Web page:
In Japan, where tattoos are widely associated with organised crime, bans are commonplace. A US federal appeals court ruled in 2006 that ordering public employees to cover up their tattoos did not violate their First Amendment rights. In New Zealand, where tattoos are an important part of Maori culture, a ban by the national airline on visible markings ignited a national debate.
However, in Victoria, Australia, they may be considered a physical feature protected by the Equal Opportunity Act 2010, according to at least one legal opinion.
Under UK law it's perfectly legal for managers to refuse to hire someone on this basis, according to employment law expert Helen Burgess, a partner at law firm Shoosmiths. The only exception might be under the 2010 Equality Act if the tattoo were connected to their religion or beliefs, she says - and even then a plaintiff would have to demonstrate this were the case.
Existing employees would fare little better if their boss took a dislike to a new adornment. "If there was a blanket ban on tattoos and an individual were to turn up with one, if the employer followed proper process that would be a fair dismissal in law," Burgess says.
By contrast, Body Art argues that body modification has "protected characteristic" status under the 2010 act, given the practice's connection to people's beliefs.Japan's tattoo taboos
- Tattooing in Japan goes at least as far back as 5,000 BC
- During 7th and 8th Century, evidence suggests that tattooing began to be used as a form of punishment for criminals
- Resulted in an enduring association with criminality, although elaborate tattoo artistry also has a long history
- Regularly linked to Japanese mafia - known as the Yakuza - whose members often sport tattoo "suits", invisible when fully clothed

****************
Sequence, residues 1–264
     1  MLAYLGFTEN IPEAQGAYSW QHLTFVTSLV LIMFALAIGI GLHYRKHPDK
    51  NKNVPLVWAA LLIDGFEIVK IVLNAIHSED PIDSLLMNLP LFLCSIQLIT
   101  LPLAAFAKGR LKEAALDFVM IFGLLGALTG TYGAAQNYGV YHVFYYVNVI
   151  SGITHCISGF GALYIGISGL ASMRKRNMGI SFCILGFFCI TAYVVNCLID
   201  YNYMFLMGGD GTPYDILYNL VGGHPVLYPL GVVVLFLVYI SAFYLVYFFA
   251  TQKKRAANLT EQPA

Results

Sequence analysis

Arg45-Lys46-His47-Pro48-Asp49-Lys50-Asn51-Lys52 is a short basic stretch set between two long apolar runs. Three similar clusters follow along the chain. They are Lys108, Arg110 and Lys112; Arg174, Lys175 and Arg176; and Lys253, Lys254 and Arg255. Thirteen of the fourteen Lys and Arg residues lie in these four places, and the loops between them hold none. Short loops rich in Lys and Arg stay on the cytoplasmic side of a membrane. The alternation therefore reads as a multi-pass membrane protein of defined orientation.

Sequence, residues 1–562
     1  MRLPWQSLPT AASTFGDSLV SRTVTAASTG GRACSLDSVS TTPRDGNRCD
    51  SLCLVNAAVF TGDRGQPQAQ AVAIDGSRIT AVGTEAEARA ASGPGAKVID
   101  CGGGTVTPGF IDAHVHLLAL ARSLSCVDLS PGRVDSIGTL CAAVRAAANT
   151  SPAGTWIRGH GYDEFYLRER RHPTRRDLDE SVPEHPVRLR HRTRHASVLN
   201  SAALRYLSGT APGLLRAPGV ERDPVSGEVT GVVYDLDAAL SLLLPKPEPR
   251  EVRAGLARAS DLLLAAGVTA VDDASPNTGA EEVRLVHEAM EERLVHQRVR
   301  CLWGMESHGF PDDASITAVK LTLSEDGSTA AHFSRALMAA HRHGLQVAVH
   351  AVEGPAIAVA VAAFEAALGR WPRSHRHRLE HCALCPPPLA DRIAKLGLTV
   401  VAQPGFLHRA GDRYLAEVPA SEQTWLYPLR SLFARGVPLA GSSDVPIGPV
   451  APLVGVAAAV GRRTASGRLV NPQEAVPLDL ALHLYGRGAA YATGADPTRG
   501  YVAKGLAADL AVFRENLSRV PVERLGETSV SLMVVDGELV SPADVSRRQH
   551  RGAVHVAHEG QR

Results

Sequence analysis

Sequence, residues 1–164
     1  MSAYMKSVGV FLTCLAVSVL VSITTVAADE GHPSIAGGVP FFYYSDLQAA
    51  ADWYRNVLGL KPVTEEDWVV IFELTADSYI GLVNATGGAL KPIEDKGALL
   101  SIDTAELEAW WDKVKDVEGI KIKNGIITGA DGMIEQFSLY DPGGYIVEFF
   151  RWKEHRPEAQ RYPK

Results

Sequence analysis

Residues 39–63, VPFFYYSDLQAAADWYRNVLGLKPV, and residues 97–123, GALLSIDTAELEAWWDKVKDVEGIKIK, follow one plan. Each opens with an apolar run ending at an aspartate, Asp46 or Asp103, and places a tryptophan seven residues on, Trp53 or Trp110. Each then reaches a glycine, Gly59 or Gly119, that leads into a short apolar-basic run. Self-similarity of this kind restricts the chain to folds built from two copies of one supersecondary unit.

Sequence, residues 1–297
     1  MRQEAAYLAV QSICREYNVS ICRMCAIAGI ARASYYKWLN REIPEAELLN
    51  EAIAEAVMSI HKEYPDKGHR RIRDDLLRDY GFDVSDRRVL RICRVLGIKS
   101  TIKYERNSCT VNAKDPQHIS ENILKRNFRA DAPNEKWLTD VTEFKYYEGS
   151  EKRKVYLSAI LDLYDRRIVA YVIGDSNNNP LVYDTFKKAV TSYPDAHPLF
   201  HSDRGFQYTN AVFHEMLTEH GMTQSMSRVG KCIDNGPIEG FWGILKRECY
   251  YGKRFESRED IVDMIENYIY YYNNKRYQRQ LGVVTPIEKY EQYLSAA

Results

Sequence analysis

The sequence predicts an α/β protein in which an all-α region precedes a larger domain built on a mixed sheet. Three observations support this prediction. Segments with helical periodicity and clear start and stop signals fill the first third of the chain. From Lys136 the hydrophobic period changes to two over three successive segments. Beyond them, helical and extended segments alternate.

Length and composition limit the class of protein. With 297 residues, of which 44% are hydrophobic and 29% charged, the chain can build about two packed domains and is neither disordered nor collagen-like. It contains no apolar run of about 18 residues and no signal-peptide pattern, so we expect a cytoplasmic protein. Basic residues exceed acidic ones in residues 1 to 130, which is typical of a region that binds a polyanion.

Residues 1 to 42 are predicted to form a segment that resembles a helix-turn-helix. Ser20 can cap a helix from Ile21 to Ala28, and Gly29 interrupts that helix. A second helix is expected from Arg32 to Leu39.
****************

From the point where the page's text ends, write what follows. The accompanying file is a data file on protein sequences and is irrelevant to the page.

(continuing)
- In 2012 the mayor of Osaka tried to crackdown on city workers with tattoos. "If they insist on having tattoos, they had better leave the city office and go to the private sector," he said at the time
- Young people tend to be more open to tattoos but still common for visible art to be banned in gyms, water parks and many workplaces
But the fact so many organisations have anti-tattoo policies suggests this interpretation of the law has not yet entered the mainstream among HR and legal circles. Secondary legislation specifically excluded tattoos and piercings from the 2010 act's definition of a severe disfigurement, on which basis an employer cannot discriminate.
For this reason, some tattoo artists refuse to ink the face, neck or hands of customers who are not already heavily inked.
Nonetheless, the sheer critical mass of younger people with tattoos suggests it's likely that attitudes are likely to change over time regardless of what the law says.
Employers - especially those seeking specialist skills - may find they can't afford to exclude talent. In an effort to tackle a recruitment shortfall, the British Army is reported to be considering relaxing its rules to allow tattoos on the face, neck and hands.
However, says Timming, "There will be certain genres of tattoos that would never be normalised. Any kind of racist symbols would be a death sentence in terms of your job prospects."
Even now, he says, the size and location of a tattoo make a big difference to whether an employer is likely to accept it.
Likewise, designs with connotations of drugs, violence, crime or death are likely to impede a job search, Timming says. Even football-related tattoos sometimes cause applicants to be rejected because some employers associate them with hooliganism.
By contrast, "any kind of more innocuous, smaller tattoos - a rose or a butterfly - would be more acceptable in the workplace".
For the time being, it's advice worth considering when balancing the appeal of that new tattoo against the prospect of a dream job.